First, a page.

Human-Embryonic Stem Cells

On December 2nd the Obama Administration approved the use of human-embryonic stem cells for experimentation by federally funded scientists under a new policy that will dramatically expand the governments support.The use of human-embryonic stem cells is a very controversial area of scientific research and it is no wonder that this was released in a very quiet way. Up to this point there had been no federal funding for this type of research.

What are human-embryonic stem cells and what is the Orthodox Christian position on their use?

According to the National Institutes of Health human-embryonic stem cells are: “Primitive (undifferentiated) cells derived from a 5-day preimplantation embryo that are capable of dividing without differentiating for a prolonged period in culture, and are known to develop into cells and tissues of the three primary germ layers.” The Orthodox Christian definition is much simpler to understand. Human-embryonic stems cells are simply life. The Orthodox Christian Church teaches that life begins at conception. The extraction of stem cells from the embryos kills the unborn child. In order for an embryo to exists it must be fertilized and therefore conception has taken place and thus it is life.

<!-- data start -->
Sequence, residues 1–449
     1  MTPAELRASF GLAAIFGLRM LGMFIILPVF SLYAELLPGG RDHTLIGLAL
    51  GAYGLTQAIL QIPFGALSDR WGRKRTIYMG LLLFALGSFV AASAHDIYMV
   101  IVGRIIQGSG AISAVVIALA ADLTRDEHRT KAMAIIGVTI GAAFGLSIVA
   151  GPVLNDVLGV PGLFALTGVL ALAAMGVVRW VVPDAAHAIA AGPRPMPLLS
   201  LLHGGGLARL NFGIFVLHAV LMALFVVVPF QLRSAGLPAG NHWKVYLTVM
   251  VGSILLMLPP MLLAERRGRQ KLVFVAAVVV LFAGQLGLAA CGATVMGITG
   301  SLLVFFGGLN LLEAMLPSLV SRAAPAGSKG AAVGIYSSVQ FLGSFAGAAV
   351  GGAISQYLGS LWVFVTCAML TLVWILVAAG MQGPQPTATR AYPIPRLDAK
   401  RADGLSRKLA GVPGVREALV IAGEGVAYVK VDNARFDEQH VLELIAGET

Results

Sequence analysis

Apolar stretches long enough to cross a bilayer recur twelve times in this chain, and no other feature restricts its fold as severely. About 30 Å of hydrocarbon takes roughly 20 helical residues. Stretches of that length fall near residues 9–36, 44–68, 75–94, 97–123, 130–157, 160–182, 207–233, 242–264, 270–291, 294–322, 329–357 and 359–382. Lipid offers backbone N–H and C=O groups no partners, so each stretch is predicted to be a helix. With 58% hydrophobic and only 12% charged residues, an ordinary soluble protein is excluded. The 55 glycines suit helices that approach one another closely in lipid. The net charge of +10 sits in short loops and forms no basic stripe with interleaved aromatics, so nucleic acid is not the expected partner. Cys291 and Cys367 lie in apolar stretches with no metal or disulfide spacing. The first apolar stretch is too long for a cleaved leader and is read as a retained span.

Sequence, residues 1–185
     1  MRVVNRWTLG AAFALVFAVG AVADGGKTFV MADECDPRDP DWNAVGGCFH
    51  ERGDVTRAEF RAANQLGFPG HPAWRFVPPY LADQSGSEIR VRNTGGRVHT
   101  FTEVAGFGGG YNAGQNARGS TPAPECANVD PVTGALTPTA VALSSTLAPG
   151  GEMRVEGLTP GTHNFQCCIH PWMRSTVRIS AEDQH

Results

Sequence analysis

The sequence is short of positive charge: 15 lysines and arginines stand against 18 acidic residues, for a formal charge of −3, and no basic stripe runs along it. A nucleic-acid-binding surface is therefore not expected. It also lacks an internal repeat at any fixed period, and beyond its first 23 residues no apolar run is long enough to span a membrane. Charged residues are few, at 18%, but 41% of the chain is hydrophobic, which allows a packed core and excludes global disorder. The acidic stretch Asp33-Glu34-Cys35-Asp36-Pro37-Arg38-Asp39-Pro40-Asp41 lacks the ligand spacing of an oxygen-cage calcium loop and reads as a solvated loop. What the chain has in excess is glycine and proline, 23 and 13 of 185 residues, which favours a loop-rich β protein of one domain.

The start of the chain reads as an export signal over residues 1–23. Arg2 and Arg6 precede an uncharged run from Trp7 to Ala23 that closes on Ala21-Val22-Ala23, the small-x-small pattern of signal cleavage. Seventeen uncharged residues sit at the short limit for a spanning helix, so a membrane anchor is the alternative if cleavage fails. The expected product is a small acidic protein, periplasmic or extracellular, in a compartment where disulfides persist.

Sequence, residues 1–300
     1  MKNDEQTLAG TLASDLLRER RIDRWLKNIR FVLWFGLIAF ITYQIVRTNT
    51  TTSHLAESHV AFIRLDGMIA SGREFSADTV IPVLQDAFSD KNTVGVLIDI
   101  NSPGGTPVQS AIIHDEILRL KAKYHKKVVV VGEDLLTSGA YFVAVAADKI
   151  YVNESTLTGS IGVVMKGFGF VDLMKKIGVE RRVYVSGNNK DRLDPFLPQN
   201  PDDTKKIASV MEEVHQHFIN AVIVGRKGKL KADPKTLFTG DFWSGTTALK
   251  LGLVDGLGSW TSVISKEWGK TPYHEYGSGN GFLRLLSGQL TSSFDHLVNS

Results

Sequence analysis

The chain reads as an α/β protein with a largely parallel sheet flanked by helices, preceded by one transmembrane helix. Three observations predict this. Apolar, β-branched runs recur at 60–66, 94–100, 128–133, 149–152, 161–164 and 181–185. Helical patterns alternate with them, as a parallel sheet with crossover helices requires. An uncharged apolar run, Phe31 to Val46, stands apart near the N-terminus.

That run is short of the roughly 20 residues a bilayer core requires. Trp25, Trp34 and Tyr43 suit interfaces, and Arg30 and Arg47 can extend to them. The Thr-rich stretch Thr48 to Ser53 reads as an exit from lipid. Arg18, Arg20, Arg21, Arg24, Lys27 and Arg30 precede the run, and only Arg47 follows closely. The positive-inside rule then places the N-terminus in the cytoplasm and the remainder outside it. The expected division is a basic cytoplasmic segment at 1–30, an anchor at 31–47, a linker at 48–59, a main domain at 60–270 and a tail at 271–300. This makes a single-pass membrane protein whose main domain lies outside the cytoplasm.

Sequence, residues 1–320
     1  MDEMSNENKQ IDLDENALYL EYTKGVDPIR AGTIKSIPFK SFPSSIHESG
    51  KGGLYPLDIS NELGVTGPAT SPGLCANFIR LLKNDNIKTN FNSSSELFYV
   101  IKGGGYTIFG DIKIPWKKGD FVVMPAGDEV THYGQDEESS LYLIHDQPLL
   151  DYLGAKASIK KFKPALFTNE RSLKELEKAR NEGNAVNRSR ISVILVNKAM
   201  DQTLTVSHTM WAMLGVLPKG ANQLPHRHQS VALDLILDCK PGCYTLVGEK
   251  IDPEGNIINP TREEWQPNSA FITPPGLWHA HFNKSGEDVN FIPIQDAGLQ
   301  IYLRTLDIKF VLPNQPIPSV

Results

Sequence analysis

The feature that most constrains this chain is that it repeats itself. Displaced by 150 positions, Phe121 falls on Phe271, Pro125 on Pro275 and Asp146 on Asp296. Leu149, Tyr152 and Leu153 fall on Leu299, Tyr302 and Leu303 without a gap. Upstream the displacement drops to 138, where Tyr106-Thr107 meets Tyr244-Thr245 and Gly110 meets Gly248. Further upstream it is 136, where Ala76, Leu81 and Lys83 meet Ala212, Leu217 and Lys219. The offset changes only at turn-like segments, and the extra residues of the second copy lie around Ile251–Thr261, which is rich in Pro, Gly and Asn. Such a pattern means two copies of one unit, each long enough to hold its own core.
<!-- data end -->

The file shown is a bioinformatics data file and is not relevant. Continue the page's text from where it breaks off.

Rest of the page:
The position of the Orthodox Church on embryonic stem cell research is, “In light of the fact that Orthodox Christianity accepts the fact that human life begins at conception, the extraction of stem cells from embryos, which involves the willful taking of human life – the embryo is human life and not just a clump of cells – is considered morally and ethically wrong in every instance.”

Fr. Mark Hodges, Pastor of St. Stephen the First Martyr Orthodox Church in Lima, OH has written as article that speaks of the position of the Orthodox Christian Church and why she teaches what she teaches on this topic.

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  1. "Up to this point there had been no federal funding for this type of research."

    This is not true: there has been Federal Funding for research using limited lines of stemcells (fetal and otherwise) that were in existence at the time of the Bush-era ban on funding. There was no federal funding for research using *new* lines of stemcells. And, of course, there were other funds available for this research.

    The Bush-era ban was largely cosmetic because of these reasons and, also because of these reasons, the current administration's removal of the ban is also cosmetic. Both Bushbama administrations were throwing bones to their dogs on the right and left without making much change one way or the other.

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